Finding My Rhythm

Last week I wrote about testing out a slightly new/different approach to my writing. Instead of completing creative writing for a chapter and then adding the research, I wanted to see how continuing my creative writing chapter to chapter (without stopping to add in research) would feel for me.

The start of the week was a little rocky. I got caught up in what Dr. Zamora informed us was the doldrums. I was unaware there was a name for what I was feeling But I found starting with my creative writing and just flowing through (not stopping to add research) helped push me through the doldrums I was beginning to feel. I started off small, and soon a sentence turned into a paragraph, and a paragraph turned in pages. So it is safe to say that a continuous flow of creative writing is working for me! I was able to complete an entire chapter and the beginning of the next chapter. I’m looking to add an excerpt to one of my chapters for my blog next week!

I hope the rest of my classmates are finding their way through and haven’t gotten too caught up in the doldrums!

Onward and Upward

This past week was a rough one for me.  Due to some outside circumstances, I was not able to get as much done as I would have hoped, but such is life, right?  I was hoping to get a solid five of six pages written out, but I was only able to get two down.  However, I really like what I have come up with in this time and I can feel some kind of momentum beginning to build.  For the first time, there is clarity as to the direction and my process, which I am very happy about.  While yes, I wish I was further along than I am now, I am more motivated and excited over this project than I have been to this point, and am looking forward to carrying that momentum moving forward into the coming weeks to begin to really put all of this together.  Onward and upward from here everybody.  Onward and upward.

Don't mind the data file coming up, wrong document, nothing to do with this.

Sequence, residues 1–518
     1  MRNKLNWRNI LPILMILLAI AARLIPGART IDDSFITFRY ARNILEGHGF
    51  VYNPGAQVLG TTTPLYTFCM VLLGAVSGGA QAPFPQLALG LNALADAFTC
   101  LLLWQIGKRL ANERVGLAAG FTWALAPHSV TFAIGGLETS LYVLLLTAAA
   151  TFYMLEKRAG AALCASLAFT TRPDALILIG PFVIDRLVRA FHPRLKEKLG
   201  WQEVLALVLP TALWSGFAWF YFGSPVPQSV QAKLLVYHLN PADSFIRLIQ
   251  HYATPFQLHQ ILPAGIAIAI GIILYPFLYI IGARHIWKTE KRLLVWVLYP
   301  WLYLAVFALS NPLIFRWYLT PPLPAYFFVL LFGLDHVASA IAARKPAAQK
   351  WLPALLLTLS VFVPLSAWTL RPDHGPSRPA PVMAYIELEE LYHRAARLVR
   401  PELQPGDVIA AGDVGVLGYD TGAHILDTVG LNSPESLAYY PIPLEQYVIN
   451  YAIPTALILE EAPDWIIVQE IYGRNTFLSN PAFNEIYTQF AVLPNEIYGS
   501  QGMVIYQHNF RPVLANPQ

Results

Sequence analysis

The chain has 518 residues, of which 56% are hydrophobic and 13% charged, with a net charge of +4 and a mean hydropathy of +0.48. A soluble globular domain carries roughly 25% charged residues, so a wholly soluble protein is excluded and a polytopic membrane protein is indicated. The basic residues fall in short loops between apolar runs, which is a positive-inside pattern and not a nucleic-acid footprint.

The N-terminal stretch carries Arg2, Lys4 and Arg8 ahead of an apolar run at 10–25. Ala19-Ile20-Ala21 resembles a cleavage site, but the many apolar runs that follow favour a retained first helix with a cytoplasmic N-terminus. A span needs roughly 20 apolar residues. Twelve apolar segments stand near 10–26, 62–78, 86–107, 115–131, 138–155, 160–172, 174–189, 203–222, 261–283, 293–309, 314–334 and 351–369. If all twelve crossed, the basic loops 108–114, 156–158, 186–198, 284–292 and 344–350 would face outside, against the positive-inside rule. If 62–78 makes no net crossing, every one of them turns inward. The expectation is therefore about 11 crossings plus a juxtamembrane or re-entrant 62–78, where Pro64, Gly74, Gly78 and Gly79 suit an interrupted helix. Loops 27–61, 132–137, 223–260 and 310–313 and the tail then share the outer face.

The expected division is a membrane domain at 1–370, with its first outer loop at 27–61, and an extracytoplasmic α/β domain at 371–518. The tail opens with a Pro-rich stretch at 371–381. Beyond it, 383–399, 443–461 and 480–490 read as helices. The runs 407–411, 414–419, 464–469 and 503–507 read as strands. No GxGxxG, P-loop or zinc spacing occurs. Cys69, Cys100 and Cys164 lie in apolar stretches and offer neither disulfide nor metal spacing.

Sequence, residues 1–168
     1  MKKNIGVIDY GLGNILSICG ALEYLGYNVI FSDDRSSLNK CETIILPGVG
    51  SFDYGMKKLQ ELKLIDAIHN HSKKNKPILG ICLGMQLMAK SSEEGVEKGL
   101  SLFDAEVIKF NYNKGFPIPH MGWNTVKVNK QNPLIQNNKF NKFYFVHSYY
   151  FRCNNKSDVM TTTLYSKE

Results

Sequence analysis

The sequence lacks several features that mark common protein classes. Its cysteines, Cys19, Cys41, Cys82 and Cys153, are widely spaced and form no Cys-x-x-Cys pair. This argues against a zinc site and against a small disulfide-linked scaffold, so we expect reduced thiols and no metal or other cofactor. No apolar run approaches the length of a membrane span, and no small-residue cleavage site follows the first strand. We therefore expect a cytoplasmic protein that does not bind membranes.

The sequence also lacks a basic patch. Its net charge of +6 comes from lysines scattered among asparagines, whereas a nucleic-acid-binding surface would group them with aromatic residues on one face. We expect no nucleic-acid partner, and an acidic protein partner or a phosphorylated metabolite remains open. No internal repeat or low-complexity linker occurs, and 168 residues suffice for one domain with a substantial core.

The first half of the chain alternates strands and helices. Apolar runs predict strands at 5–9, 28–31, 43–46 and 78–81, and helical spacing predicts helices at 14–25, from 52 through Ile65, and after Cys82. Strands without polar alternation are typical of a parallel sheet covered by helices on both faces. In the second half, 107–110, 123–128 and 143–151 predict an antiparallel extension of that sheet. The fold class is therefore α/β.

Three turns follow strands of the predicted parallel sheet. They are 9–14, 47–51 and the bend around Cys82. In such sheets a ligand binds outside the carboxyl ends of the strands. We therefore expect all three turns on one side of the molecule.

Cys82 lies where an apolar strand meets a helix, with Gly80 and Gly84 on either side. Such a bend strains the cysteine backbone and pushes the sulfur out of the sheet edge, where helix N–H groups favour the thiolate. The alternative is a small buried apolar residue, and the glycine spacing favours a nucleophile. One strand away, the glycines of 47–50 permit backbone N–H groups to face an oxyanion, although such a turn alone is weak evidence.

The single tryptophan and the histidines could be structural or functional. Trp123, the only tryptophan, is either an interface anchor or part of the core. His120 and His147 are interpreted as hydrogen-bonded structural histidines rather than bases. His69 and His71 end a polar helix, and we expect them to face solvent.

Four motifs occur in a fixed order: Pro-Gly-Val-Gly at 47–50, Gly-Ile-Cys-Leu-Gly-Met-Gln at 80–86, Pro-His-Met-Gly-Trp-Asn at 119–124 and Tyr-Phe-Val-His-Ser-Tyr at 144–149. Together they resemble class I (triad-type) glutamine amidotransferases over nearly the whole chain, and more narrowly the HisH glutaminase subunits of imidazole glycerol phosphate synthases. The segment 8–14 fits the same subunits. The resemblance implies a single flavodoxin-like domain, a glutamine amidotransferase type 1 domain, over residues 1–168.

First Draft of My Abstract and Outline of my Journal Article

(Source: Google Image, 2021)


High school English teacher Linda Pham contends that online grammars such as Grammarly Premium are tools of empowerment for students who lack linguistic capital. By having access to free online grammar checkers, disenfranchised students are able to check their writing for grammar, punctuation, and spelling errors.


I. Anecdote of a former student of mine. In 2018, David* (His name has been changed to protect his privacy) asked if I had a Grammarly Premium account. I did not have a paid Grammarly account since I usually have my students revise and edit their writing using a Revising and Editing Checklist. Some students use the Spelling and Grammar Checker on Google Docs.

II. Critics of online grammar. English teachers did not grow up using online grammar checkers. We were taught to use dictionaries and thesauruses along with grammar workbooks. However, online dictionaries such as Merriam-Webster are more convenient; so why not online grammar checkers?

III. My Autoethnographic Story on Educational Equity

IV. Case Studies on various online grammar checkers

V. Recommendations

VI. Works Cited

A fun story that I wrote this week!

I’m going to link this story. Last week in the session with Linda and Emily they suggested I write my experience with Rutgers since it probably impacted my experience with feelings of falseness and questions about the difficulty I have in expressing myself.

Please note that these are hard feelings, and this is not a pleasant story. Don’t feel too inclined to read it but it’s a part of this experience for me so I’ll probably be including it in the general thesis process to come.

See you in class tomorrow.